Let’s Be Upfront About This

Posted on May 22, 2013

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I know, I promised to start reviewing movies. I forgot what time of year this is: TV Upfronts Time!

So today I am going to go network by network and review some shows based on the statements released by the networks.

If you want to follow along, IMDB has a complete list of new shows, with Fall schedules, here.

ABC

  • Betrayal: So, these two people meet, have an affair, and then wind up on opposite sides of a murder investigation. If I were a TV exec, I would have put my sneakered feet on my desk, leaned back, and said, “Dude, that’s not a TV series. It’s barely a miniseries. No.” Prediction: This one could become very popular, or it could vanish by episode 2.
  • Agents of S.H.I.E.L.D.: If you are not a Joss Whedon fan, or if you did not watch The Avengers movie last year, then you don’t care. Will I be watching? Yes. Prediction: I have no faith that it will stick around, so I want to catch every episode that I can, while I can.
  • Lucky 7: Convenience store workers win the lottery. Again, this sounds like a miniseries or a movie-of-the-week. Prediction: No idea how they could spin this “comedy” out for even one season, much less multiple.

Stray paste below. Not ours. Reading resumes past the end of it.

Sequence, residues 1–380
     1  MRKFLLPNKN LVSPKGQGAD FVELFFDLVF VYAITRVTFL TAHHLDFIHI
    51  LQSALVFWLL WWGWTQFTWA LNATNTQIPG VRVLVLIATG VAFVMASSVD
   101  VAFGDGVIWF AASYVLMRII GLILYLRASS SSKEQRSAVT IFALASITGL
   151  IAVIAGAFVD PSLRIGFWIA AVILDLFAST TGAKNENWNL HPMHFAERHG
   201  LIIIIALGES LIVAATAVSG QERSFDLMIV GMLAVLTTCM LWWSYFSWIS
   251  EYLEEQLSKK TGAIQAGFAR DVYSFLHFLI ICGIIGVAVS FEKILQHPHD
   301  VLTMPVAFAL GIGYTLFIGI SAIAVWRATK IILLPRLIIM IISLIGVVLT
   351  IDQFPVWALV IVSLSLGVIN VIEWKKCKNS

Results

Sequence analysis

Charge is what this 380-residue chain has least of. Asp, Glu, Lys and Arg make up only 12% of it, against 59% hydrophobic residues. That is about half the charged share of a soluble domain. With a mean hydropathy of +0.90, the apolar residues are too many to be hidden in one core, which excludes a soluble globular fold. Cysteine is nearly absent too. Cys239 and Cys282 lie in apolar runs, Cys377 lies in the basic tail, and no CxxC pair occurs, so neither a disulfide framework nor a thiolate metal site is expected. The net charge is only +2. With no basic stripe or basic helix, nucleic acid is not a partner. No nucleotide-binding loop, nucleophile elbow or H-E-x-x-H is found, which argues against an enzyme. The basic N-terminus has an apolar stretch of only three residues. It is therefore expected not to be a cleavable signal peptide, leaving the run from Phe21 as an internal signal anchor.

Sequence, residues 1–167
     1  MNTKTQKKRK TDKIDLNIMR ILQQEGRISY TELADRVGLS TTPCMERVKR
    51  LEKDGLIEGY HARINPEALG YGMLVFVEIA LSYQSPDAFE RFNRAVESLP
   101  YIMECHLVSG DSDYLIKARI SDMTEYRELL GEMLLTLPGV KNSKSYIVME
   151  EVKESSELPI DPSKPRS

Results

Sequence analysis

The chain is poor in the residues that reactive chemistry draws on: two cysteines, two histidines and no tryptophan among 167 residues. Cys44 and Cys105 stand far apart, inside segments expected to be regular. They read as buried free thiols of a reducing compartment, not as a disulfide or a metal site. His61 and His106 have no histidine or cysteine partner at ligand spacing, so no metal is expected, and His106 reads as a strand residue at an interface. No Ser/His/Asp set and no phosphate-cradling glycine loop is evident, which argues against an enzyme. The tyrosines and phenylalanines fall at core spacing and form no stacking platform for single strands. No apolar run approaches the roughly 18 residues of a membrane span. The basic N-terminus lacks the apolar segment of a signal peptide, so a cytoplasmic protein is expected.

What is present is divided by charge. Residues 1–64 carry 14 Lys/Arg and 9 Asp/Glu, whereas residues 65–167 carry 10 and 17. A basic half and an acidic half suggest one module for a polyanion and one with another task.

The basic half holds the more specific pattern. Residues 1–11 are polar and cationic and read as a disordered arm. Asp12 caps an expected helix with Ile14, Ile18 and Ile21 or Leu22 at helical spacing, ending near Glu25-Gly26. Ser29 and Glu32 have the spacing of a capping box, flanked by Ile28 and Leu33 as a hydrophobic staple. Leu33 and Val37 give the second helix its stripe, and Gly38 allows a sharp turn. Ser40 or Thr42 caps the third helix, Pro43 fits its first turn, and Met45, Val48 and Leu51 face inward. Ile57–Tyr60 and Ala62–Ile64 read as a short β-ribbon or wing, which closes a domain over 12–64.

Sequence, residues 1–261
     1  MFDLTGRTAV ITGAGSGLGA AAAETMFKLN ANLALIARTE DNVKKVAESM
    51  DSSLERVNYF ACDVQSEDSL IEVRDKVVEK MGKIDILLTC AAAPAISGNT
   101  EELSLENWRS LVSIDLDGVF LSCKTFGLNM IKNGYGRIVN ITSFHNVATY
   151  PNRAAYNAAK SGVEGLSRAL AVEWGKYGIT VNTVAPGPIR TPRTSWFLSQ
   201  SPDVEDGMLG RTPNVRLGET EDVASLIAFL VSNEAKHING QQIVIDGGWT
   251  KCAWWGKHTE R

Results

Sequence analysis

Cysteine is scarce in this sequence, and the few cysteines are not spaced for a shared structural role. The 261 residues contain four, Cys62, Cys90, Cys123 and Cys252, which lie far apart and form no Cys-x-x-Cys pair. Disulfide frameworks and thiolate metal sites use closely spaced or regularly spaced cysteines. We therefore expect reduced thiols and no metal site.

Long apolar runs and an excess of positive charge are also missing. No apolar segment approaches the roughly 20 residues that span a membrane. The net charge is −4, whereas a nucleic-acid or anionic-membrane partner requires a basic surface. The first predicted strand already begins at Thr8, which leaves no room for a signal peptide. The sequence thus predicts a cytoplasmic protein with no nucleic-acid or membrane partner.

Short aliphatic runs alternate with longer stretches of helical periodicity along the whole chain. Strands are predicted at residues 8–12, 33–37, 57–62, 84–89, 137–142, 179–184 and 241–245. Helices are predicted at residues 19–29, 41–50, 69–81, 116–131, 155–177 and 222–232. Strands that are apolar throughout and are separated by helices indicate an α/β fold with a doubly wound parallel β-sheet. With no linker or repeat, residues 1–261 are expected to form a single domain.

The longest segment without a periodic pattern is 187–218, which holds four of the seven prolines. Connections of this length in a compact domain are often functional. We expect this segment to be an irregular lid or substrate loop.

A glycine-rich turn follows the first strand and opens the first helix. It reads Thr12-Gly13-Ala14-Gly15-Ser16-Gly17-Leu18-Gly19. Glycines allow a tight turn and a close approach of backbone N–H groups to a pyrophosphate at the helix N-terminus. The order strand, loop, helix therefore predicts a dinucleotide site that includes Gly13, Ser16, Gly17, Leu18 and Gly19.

• Once Upon a Time in Wonderland: A spin-off from Once Upon a Time, revolving around Alice in Wonderland. I don’t care if John Lithgow does play the White Rabbit, I can barely watch the original any more. Prediction: The only way this show succeeds is if the original show fails, freeing up the creative team that made the original show a success to boost this show. If both shows stay on, you either hire new creative staff which is a risk (admittedly, they could prove to be better) or force the original creatives to stretch – in which case both shows suffer.

NBC

  • The Blacklist: James Spader plays a rogue government agent who turns himself in and offers to give information on criminals he met during his career, but only to a specific FBI profiler. So it’s basically a twist on Hannibel Lecter/The Silence of the Lambs. Prediction: This all comes down to the writing. I have seen the trailer, and James Spader can easily pull off the criminal genius part. The issues are a) how original can they be, b) how well can they avoid cliches/obvious ideas (e.g., the profiler is his daughter), and c) why does his list never end? I want this to succeed, based on the trailer.
  • Ironside: Aside from casting the great Blair Underwood in the part originally played by the late Raymond Burr (coincidentally, his birthday would have been 5/21/13, the day before I first published this), I groaned when I saw this one. Why do we need another reboot? Prediction:This is really about marketing, and they have to walk a tightrope. Suppose the writing is as good as the cast, and you market heavily toward those who remember the Raymond Burr detective. You risk alienating everyone who does not remember. Whereas, if you go after an entirely new audience, you might fail to connect the nostalgia audience with the new cast and style. I think Blair Underwood is a terrific actor, and he is a friend of a friend, so I wish him, and everyone else on the show, success. I’ll probably check it out OnDemand.